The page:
MEMORIAL DAY, LE MARS, IA,

“Avenue of Flags” – May 31, 1965

SILENCE BEFORE OLD GLORY

Legionaires and LeMars Co. A Guardsmen stand at attention before the “Avenue of Flags” dedicated here Monday morning on the lawn of the Plymouth County courthouse. The stately moving ceremony was one of the crowd of some 500 persons viewed with awe and respect. (Photo courtesy LeMars Daily Sentinel)

Dedicate 91 Flags To War Dead

Under bright sunlight, over 500 persons stood I silence late Monday morning while an “Avenue of Flags” was dedicated in memory of the war dead on the lawn of the Plymouth County courthouse here.

As the roll call of 91 names was read, tears swelled in many eyes.

Some 200 persons took part in the dedication, including the Wasmer post drum and bugle corps, 100 men from LeMars Co. A of the Iowa National Guard, LeMars Municipal Band, Cub Scouts, Girl Scouts, city officials, and Legionaires.

The dedication of the 91 flags was the most impressive and meaningful public Memorial gathering in LeMars within recent memory.

As each name was read, Co. A. Guardsman carried the flags across the grassy slope to cement bases placed in the lawn over the weekend. The Guardsmen, under the direction of Capt. Alan Wilcox, stood at attention and the silence deepened.

Prior to the presentation of the flags, an eternal flame was lighted at the base of the courthouse steps by Legionaire Lavern Schleis.

Three veterans of three wars walked the length of the courthouse walk to place a wreath at the base of the eternal flame. The veterans were D.C. Lenihan, Spanish American War; John Raveling, veteran of World War I; and John Kilpatrick, World War II. They were accompanied by the Wasmer post drum and bugle corps color guard.

Rev. Merrill Davis, Westmar faculty member and army reserve chaplain, briefly explained the flags had been present to families of veterans at the time of burial. Then he read the roll call of the dead.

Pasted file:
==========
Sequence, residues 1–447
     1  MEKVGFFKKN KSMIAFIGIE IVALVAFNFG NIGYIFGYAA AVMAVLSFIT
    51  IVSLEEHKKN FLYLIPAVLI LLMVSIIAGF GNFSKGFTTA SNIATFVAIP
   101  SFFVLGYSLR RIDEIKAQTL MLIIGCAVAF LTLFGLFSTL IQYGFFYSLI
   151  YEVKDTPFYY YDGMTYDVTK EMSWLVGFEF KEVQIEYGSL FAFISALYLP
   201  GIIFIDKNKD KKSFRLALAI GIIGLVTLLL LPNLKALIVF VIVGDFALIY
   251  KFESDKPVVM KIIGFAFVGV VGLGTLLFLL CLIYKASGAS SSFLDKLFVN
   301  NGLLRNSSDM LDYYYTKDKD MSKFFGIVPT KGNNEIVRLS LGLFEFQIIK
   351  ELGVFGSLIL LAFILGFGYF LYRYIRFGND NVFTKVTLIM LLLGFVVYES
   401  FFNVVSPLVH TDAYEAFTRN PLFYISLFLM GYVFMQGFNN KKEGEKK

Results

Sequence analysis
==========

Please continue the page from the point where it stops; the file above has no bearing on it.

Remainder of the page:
Family members, neighbors and friends stood in the silent moments and watched where each flag was placed. Names of the men were written on the side of the flags.

The city band played “The Star Spangled Banner” under the direction of Phil Hauan and Co. A. Guardsmen fired a volley salute.

Before the dedication ceremony opened, retired Cong. Charles B. Hoeven of Alton presented a flag which has flown over the national Capitol to Cub pack 188, and women of the Wasmer post Auxiliary presented the boys with a staff for the flag. The Cubs responded with the Pledge of Allegiance to the Flag.

Fred Riter, Wasmer post adjutant, said cars went by the courthouse throughout the remainder of the day to view the flags.

“The five avenue of flags also were filled with persons looking for a particular flag,” Mr. Riter said.

Under the direction of Mr. Riter, Wasmer post just a month ago began an appeal for burial flags. The response was overwhelming and gratifying, he said. One flag was presented only a half hour before the ceremony Monday.

Mr. Riter said flags will be collected throughout the year. The next dedication will take place on Veterans Day in the fall, with additional names read at that time.

Each year, as more flags come in, the roll call will continue on Memorial Day and Veterans Day. It is hoped the flag avenues will stretch completely around the courthouse, Mr. Riter said.

The half hour ceremony Monday was distinguished by its brevity and dignity. As the 91 flags unfurled in the breeze, the memories of Memorial Day became a living thing for young and old alike. Wasmer post has brought to Plymouth County something of merit and significance which can be continued from year to year.

Earlier, a 9 a.m. parade of the bands and marching units went to both LeMars cemeteries. Cong. Hoeven, in his excellent talk at LeMars Memorial Cemetery, urged strengthening the moral and Christian values of the United States.

“We have much in this country to preserve and protect,” Congressman Hoeven said.

While questioning the point of wars, the retired congressman pointed out that “every time the United States equivocates, we lose.” He said the nation must continue to help throughout the world, no matter what the cost.

Rev. Robert Fangman, superintendent of Gehlen school was the speaker at Calvary Cemetery.

While most of the community attention was on the flags at the courthouse, a larger number of householders than usual also displayed flags to observe Memorial Day this year.

~Source: The LeMars Daily Sentinel, June 1, 1965

Legionaire Lavern Schleis, in uniform of Wasmer post drum and bugle corps, lights eternal flame.  Mrs. Edith Langendorfer, Wasmer post Auxiliary, presents a flag staff to Cub Scout Dennis Kallsen. Receiving a flag flown over the nation’s Capitol from retired Cong. Charles B. Hoeven is Gary Karli of Cub pack 188. Men of LeMars Co. A., Iowa National Guard, served as the honor guard.

(All photos on this page courtesy LeMars Daily Sentinel, June 1 & 2, 1965 )

 

~If you have any other 1965 year photos or stories, please share by emailing the county coordinator.